Monday, February 27, 2017

TRUMP ECONOMY - Coal Country Promises

IMHO:  OK, in 'coal country' this is a jobs issue, BUT it is also a pollution issue for our nation.  So which should have precedence, I vote for our nation (anti-pollution over jobs).  As for coal miners, you need to go into another industry, your region needs to attract new industries.

About the video, notice the first man interviewed?  He is wearing breathing tubes likely because he worked in coal mines, and coal dust has damaged his lungs.

"In coal country, putting faith in Trump's economic promises" PBS NewsHour 2/21/2017


SUMMARY:  In the coal towns of West Virginia, President Trump made economic promises that helped him win the election.  Around 12,000 mining jobs have been eliminated in the last few years in that state alone while production remains at its lowest since the 1980s.  In collaboration with the NewsHour and Marketplace, Frontline offers a look at the hopes and realities for some of the Americans who voted Trump.

JUDY WOODRUFF (NewsHour):  Now a special series this week on the hopes and economic realities of many of those Americans who voted for President Trump.

Three reports will take us to Erie County, Pennsylvania, Central Valley, California, and the coal towns of West Virginia.  The President made economic promises in each of these places that helped him win.

Filmmakers with PBS' Frontline went to those areas looking for personal stories.

Our first report is set in coal country in West Virginia, and profiles two miners we spoke with after the election.

It is part of How the Deck Is Stacked, NewsHour's collaboration with Frontline and Marketplace, in conjunction with the Corporation for Public Broadcasting.


DAVE BOUNDS, Retired Coal Miner:  I have been registered Democrat all my life, but I crossed over this year.  I voted for Donald Trump, because he promised to help the coal miner.  And, for this region, we need help.

There's good men out here just walking the streets.  Their families are getting desperate.  Welfare can't keep people forever.  These men need to go back to work.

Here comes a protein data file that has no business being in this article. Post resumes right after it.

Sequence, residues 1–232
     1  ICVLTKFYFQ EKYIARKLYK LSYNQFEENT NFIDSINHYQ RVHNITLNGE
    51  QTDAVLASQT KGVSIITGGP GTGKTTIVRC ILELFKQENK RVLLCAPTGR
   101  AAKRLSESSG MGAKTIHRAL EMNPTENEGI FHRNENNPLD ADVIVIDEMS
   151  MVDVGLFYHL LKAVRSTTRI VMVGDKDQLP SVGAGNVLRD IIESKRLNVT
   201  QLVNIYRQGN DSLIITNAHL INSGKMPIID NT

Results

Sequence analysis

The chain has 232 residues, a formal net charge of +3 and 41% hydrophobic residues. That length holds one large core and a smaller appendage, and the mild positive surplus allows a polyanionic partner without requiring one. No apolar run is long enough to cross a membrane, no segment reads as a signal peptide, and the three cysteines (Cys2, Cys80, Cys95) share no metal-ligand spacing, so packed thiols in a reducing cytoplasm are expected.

PRESIDENT DONALD TRUMP:  So I just left parts of Virginia, and West Virginia.

And the coal industry is decimated.  The miners are out of work.  They are totally out of work.  I mean, there's — there will be no such thing as coal in this country pretty soon.  What we're going to do, folks, is going to be so special.  We're going to bring back our jobs.

We are going to be America first.  We are going to make America great again.

DAKOTA HALL, Coal Miner:  I really want to be a coal miner, always have been, ever since I was in high school.  Everybody had their dreams about being a basketball player, football player.  I always just wanted to be a coal miner.

The only thing that I really have given thought about is Trump getting in office and going back to work.  My American dream would just be to watch my kids grow up happy and healthy.  That's the only thing I could ever ask for.

I didn't have anything very long, you know, not a whole lot anyway.  Didn't make enough.  Didn't work long enough.  They said that things went dry.  It made it really, really hard to take care of a baby and a wife.

ROGER BALL, Owner, B&B Mine Safety:  Since the election, a lot of lights have came on in mining.

Most of them have a job waiting on them, or they wouldn't be here to spend that money.

Getting outside with nobody hurt, now that's what pays the bills, and pays it the right way.  We don't want no blood on that coal.  Nobody does.

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